Title

Healthcare system factors and colorectal cancer screening

UMMS Affiliation

Department of Medicine, Division of Preventive and Behavioral Medicine; Department of Family Medicine and Community Health; Meyers Primary Care Institute

Date

7-3-2002

Document Type

Article

Medical Subject Headings

Aged; Barium Compounds; Colonoscopy; Colorectal Neoplasms; Cross-Sectional Studies; Female; Fluorides; Health Resources; Health Services Accessibility; Humans; Insurance Coverage; Male; Massachusetts; Middle Aged; Occult Blood; Sigmoidoscopy

Disciplines

Health Services Research | Primary Care

Abstract

BACKGROUND: Developing effective programs to promote colorectal cancer (CRC) screening requires understanding of the effect of healthcare system factors on access to screening and adherence to guidelines.

METHODS: This study assessed the role of insurance status, type of plan, the frequency of preventive health visits, and provider recommendation on utilization of CRC screening tests using a cross-sectional, random-digit-dial survey of 1002 Massachusetts residents aged > or =50.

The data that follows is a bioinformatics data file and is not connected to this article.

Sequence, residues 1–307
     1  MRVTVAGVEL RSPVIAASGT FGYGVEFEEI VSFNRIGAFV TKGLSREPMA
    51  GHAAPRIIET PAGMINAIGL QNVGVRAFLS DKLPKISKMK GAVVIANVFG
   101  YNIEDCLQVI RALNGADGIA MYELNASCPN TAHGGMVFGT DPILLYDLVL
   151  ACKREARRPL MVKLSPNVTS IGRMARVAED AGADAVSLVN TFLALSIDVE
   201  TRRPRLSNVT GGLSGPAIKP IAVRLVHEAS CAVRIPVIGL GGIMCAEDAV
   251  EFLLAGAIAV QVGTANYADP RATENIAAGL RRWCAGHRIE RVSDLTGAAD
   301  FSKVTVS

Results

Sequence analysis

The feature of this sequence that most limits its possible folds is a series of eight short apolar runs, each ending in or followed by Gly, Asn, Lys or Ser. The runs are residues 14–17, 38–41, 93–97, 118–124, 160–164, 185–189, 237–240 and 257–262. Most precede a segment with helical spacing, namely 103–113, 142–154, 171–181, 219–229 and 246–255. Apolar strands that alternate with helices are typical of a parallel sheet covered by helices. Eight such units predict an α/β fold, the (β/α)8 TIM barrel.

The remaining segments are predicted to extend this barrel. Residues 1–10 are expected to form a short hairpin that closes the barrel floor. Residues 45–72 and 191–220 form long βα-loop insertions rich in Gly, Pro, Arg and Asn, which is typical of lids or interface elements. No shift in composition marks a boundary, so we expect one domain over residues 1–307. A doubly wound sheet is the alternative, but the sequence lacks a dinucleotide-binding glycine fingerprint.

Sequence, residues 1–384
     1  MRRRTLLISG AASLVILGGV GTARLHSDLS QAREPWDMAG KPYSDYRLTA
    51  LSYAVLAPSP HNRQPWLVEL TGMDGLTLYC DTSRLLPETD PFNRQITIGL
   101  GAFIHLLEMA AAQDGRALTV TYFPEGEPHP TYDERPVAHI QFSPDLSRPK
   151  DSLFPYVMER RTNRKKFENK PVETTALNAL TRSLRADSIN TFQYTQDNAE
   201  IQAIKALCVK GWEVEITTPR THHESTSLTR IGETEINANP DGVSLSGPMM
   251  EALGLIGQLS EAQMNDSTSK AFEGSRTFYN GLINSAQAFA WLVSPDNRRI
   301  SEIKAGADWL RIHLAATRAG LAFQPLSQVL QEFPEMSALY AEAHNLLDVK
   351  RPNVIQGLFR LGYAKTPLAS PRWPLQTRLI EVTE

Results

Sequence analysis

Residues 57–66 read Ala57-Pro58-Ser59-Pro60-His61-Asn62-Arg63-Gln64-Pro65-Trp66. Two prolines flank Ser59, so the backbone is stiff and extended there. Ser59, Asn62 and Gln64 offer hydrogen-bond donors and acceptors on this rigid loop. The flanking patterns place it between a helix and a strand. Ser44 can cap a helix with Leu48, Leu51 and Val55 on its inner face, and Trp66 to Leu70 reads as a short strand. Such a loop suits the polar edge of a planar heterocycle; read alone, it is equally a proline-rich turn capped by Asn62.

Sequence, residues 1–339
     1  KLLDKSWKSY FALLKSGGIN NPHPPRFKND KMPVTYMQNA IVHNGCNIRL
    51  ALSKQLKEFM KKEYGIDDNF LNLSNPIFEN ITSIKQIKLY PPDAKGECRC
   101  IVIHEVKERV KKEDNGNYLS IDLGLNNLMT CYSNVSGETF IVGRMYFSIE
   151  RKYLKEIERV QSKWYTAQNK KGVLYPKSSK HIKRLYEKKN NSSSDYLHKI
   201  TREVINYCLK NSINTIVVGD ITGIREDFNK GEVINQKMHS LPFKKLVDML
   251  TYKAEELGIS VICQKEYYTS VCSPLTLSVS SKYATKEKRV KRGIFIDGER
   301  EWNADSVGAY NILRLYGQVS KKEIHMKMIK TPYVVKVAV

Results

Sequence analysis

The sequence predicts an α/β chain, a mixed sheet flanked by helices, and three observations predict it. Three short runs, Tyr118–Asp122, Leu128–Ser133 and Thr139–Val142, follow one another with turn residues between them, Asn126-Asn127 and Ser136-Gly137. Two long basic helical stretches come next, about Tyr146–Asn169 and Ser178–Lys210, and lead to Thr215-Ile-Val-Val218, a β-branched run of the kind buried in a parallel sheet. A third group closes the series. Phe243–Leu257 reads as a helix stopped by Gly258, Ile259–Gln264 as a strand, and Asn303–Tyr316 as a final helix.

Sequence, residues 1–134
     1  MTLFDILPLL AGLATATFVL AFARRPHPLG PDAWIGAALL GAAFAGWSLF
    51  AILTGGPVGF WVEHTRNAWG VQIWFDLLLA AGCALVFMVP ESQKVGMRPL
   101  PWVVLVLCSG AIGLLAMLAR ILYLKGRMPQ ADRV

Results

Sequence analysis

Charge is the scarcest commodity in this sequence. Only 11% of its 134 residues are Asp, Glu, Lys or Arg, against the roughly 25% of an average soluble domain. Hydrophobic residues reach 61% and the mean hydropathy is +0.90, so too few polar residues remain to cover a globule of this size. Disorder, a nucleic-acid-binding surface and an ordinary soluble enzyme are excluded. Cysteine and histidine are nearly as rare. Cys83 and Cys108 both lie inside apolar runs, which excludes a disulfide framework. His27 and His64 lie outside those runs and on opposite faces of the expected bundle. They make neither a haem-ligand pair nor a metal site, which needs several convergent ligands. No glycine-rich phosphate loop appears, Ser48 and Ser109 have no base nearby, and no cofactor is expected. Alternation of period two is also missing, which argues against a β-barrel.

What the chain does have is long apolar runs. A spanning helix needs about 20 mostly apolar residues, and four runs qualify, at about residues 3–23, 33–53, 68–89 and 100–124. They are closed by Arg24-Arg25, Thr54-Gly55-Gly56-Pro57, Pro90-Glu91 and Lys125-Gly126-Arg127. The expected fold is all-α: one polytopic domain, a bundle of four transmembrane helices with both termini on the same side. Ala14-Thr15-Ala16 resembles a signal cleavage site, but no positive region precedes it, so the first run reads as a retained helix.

RESULTS: A broad definition of CRC screening status included colonoscopy or barium enema (screening or diagnostic) within 10 years, flexible sigmoidoscopy (FSIG) within 5 years, and fecal occult blood testing (FOBT) in the past year as options; 51.7% of subjects aged 50 to 64 and 61.5% of older subjects were current. The uninsured had the lowest current testing rate. Among insured participants, type of insurance had little impact on CRC testing; older subjects enrolled in HMOs had marginally higher rates, although not statistically significant. Increased frequency of preventive health visits and ever receiving a physician's recommendation for FSIG or ever receiving FOBT cards were associated with higher rates of CRC screening among both age groups.

CONCLUSIONS: Even when broad criteria are used to define current CRC screening status, a substantial proportion of the age-eligible population remains underscreened. Obtaining regular preventive care and receiving a physician's recommendation for screening appear to be potent facilitators of screening that should be considered in designing promotional efforts.

Rights and Permissions

Citation: Am J Prev Med. 2002 Jul;23(1):28-35.

Related Resources

Link to Article in PubMed